Entrepreneur Interview: Dan Shipper
I talk with Dan Shipper, blogger and founder of Firefly, about Dorm Room Fund and the case against dropping out.
Dan Shipper has a trait that’s exceptionally rare among young entrepreneurs—he’s focused on building a traditional stable business.
Dan’s formula for startup success doesn’t at all resemble the hype-fueled dreams of most budding entrepreneurs. He advocates strongly for staying in school and against taking venture funding. He’s gotten plenty of very public interest in his talents and turned it down. If it’s not about customers or revenue, it’s a distraction.
Firefly, his company, received the first investment made by Dorm Room Fund, a student-operated venture fund. The Firefly team accepted the $20,000 investment to experiment with new customer acquisition strategies and accommodate growth. Dorm Room’s investments are designed to allow founders to grow their companies without dropping out of school.
Avoiding the temptation to drop out is about more than just ignoring the hype of Silicon Valley. Dan explained that not having to pay rent or living expenses eases financial pressures and encourages focus on the fundamentals of a business. Students are given a lot more free help and advice, plus “it’s the last time you’ll be around a large population of unemployed coders.”
We talked a little bit about the startup ecosystem at U Penn, where Dan is a junior majoring in philosophy. The most valuable entrepreneurship events are informal—a couple of founders and entrepreneurs have weekly coffee meet-ups, for example. I conceived this project with the expectation that I might discover some singular missing factor that explains the depressingly anemic startup community at Columbia. It’s already quite clear that I’m not going to find that. Dan doesn’t see the university as a major driver behind student entrepreneurship, nor does he see much of a role for it to play. I pressed him for some magic ingredient that Penn had and Columbia didn’t. It just doesn’t exist.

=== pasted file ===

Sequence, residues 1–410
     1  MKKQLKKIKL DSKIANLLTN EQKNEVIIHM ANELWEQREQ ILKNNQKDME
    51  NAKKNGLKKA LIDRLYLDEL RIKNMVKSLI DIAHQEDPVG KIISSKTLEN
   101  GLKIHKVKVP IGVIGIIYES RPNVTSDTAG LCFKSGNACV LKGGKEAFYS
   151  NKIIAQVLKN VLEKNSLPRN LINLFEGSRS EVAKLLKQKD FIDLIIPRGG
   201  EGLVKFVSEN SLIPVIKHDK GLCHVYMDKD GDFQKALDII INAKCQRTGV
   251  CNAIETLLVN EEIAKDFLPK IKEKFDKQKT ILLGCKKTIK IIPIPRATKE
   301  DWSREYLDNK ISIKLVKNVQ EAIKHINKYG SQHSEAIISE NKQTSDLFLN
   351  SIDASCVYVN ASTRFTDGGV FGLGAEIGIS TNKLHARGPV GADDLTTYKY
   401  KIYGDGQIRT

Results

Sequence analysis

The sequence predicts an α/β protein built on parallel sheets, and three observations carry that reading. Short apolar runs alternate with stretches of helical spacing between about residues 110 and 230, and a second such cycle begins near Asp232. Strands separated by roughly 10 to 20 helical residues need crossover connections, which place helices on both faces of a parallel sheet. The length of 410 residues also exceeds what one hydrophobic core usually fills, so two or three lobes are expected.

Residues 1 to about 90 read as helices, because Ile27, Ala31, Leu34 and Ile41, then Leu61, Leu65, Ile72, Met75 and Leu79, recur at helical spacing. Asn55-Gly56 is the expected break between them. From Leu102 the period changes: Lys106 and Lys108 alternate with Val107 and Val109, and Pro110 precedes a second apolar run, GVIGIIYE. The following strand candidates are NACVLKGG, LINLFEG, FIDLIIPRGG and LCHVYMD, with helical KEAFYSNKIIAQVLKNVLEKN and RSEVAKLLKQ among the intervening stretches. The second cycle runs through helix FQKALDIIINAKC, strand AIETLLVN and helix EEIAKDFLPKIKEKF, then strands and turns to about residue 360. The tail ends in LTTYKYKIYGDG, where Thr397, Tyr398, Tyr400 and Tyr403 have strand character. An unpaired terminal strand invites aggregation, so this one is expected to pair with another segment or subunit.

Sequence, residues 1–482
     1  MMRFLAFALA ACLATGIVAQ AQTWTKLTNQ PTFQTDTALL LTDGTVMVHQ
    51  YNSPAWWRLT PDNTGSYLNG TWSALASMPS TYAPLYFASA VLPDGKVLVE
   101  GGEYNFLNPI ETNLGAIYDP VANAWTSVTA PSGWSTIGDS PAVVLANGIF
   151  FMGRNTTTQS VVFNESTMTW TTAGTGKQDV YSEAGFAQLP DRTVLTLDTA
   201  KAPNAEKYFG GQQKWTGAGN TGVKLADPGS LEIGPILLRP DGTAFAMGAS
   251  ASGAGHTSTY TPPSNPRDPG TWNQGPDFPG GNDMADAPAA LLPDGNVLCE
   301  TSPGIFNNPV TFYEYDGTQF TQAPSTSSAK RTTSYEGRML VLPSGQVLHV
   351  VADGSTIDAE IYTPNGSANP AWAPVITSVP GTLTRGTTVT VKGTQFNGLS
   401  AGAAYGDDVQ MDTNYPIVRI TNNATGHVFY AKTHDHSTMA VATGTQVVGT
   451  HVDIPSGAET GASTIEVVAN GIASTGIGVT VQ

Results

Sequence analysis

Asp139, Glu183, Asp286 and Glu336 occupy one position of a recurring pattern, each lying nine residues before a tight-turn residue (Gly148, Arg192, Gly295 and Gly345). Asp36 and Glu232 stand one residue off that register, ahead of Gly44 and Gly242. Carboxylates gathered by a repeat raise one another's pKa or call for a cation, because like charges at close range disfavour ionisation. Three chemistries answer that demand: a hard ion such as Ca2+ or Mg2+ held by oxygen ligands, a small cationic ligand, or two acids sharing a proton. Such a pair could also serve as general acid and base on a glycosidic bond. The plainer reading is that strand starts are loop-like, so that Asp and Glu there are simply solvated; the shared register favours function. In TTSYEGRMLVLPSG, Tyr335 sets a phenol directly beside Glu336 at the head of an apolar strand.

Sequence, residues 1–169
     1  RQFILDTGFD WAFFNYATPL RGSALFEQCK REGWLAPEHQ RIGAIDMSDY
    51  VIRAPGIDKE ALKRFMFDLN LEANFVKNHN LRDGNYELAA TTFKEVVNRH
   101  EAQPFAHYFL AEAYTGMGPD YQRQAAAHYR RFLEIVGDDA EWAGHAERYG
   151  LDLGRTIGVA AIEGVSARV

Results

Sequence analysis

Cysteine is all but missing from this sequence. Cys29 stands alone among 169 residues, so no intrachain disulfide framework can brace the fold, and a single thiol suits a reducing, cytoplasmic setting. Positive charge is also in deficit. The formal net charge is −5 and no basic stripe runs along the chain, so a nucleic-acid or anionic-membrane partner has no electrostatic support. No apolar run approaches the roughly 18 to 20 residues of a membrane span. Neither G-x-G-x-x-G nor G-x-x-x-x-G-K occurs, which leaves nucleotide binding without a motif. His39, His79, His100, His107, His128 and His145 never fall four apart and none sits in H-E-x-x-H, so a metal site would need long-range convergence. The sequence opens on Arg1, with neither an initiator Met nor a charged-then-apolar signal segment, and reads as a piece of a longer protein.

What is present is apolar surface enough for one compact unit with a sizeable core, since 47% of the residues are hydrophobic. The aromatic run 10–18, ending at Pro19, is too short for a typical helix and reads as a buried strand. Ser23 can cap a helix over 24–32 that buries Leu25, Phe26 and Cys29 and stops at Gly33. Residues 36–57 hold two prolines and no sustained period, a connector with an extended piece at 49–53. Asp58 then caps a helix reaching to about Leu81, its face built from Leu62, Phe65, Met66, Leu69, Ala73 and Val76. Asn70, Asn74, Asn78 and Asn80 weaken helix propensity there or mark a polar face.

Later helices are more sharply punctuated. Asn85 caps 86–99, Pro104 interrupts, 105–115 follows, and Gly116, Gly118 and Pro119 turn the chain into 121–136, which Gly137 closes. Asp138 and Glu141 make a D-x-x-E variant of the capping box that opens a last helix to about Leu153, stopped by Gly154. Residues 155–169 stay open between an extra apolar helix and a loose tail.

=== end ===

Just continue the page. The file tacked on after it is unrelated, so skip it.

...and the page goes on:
Wharton attracts plenty of entrepreneurs, which certainly helps. But when I asked about how the Firefly team met, it became clear that quality matters a whole lot more than quantity. All three co-founders (Dan, Patrick Leahy, and Justin Meltzer) are technical. Firefly was built at a hackathon (PennApps) and rewritten from Rails to Node.js at another (AngelHack). It’s rare enough to find one student fluent in both programming and business development. Firefly has three. Yet of the three, not one is studying computer science.
A number of major universities, Columbia among them, focus their efforts on supporting entrepreneurship in their engineering schools. I think that’s a big mistake. Dan and I see very much eye to eye on how to build a great software company. It has nothing to do with being the most technically proficient software engineer. He’s a self-proclaimed terrible programmer, but he writes and ships code that customers use. If you’re the founder of a software startups, that—not technical skill, venture funding, or media coverage—is all that matters.